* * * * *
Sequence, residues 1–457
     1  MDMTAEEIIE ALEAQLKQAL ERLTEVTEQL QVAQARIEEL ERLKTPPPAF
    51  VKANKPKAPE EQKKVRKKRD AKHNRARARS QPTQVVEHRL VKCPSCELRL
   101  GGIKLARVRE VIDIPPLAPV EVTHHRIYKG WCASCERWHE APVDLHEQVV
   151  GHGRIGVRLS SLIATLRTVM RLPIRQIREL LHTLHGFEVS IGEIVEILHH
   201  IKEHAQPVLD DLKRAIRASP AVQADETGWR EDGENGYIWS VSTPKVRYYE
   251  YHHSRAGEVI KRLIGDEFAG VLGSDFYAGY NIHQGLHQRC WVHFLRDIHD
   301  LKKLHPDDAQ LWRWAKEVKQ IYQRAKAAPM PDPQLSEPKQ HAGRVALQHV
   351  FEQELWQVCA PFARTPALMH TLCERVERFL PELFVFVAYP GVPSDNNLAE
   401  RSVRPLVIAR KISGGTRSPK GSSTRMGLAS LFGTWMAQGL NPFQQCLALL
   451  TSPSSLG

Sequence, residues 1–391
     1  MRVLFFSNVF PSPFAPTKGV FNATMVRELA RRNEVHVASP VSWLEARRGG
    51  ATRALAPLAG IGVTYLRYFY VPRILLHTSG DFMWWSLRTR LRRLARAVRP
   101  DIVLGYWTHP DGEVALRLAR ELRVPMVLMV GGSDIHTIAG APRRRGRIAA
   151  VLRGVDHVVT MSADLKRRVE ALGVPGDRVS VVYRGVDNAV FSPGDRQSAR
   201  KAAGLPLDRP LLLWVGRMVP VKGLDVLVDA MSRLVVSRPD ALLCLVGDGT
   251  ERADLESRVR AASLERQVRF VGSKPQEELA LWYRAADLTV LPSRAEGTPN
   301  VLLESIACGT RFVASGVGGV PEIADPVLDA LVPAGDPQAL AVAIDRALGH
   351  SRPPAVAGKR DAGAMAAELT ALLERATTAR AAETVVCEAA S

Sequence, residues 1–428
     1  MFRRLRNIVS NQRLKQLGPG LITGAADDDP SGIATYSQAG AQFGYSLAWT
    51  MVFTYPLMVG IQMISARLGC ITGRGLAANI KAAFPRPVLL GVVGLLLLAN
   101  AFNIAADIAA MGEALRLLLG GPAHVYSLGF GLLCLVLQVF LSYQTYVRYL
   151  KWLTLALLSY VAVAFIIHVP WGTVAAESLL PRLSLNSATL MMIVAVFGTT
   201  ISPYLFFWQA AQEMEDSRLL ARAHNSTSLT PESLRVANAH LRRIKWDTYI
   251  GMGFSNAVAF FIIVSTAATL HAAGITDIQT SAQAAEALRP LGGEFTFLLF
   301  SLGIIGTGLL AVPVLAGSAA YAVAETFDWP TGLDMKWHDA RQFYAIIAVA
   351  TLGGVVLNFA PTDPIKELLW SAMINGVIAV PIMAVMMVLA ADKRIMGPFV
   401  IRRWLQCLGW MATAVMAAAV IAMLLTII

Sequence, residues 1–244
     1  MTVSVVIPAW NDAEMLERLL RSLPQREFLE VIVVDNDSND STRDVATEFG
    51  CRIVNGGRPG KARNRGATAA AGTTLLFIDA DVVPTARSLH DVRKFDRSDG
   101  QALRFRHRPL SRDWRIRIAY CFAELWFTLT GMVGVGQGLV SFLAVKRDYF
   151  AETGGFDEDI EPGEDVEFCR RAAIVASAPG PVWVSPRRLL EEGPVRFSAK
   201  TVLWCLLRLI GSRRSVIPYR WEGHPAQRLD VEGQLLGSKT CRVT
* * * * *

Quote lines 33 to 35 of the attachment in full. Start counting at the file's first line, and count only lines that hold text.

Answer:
    51  CRIVNGGRPG KARNRGATAA AGTTLLFIDA DVVPTARSLH DVRKFDRSDG
   101  QALRFRHRPL SRDWRIRIAY CFAELWFTLT GMVGVGQGLV SFLAVKRDYF
   151  AETGGFDEDI EPGEDVEFCR RAAIVASAPG PVWVSPRRLL EEGPVRFSAK